Stay tuned.
 
 

Doblin: Students are collateral damage in

Christie’s war

Friday, January 7, 2011

By ALFRED P. DOBLIN

RECORD EDITORIAL COLUMNIST

IT’S NOT a good time to be in education. Governor Christie declared war on the New Jersey

Education Association last year. In Christie’s English primer, Keshishian — as in NJEA

President Barbara Keshishian — is a four-letter word.

The assault on education was not restricted solely to the most powerful state teachers’ union. It’s

been like watching a very long professional hockey game. Christie first face-washed his

commissioner of education, Bret Schundler, over a compromise with the NJEA. Then the

governor went for a full body check after the state lost federal Race to the Top education funding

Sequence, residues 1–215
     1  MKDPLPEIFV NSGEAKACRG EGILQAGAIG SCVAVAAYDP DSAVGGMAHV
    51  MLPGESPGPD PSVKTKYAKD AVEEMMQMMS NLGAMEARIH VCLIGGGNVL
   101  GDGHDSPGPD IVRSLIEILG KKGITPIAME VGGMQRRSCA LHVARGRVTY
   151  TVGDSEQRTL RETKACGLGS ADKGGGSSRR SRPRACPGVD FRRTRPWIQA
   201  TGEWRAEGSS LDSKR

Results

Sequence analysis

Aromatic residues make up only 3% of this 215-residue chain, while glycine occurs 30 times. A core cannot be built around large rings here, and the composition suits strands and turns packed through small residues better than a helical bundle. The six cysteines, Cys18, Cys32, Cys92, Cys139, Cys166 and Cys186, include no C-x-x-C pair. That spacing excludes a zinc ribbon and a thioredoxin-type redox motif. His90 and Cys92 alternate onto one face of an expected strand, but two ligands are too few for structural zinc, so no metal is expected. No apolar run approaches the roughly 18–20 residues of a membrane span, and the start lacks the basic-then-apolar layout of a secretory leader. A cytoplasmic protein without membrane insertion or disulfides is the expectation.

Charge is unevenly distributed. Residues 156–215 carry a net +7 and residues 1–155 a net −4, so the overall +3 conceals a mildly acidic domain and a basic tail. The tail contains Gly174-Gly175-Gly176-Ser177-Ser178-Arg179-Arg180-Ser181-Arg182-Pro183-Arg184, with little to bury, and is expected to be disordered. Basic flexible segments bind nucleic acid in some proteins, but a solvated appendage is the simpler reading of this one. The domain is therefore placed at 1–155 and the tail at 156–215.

over a bungled application. Schundler was out of the game.

After unions and Schundler took hits, the governor aimed his sights at district superintendents.

Woe unto the superintendent who was paid more than the governor. While a state university

like Rutgers is free to spend nearly $2 million on a football coach and assume $100 million in

debt to upgrade its football stadium to ensure that the $2 million coach doesn’t leave, school

districts have to be personally micromanaged by the governor.

School budgets and superintendent contracts are currently micro-managed by state-appointed

executive county superintendents. As a parting New Year’s gift, seven of these county

superintendents read last week by e-mail, no less, that “Your last work day is today.”

Their three-year contracts expired at the end of the year — last Friday. These superintendents,

whether they represented the previous Corzine administration’s priorities rather than Christie’s,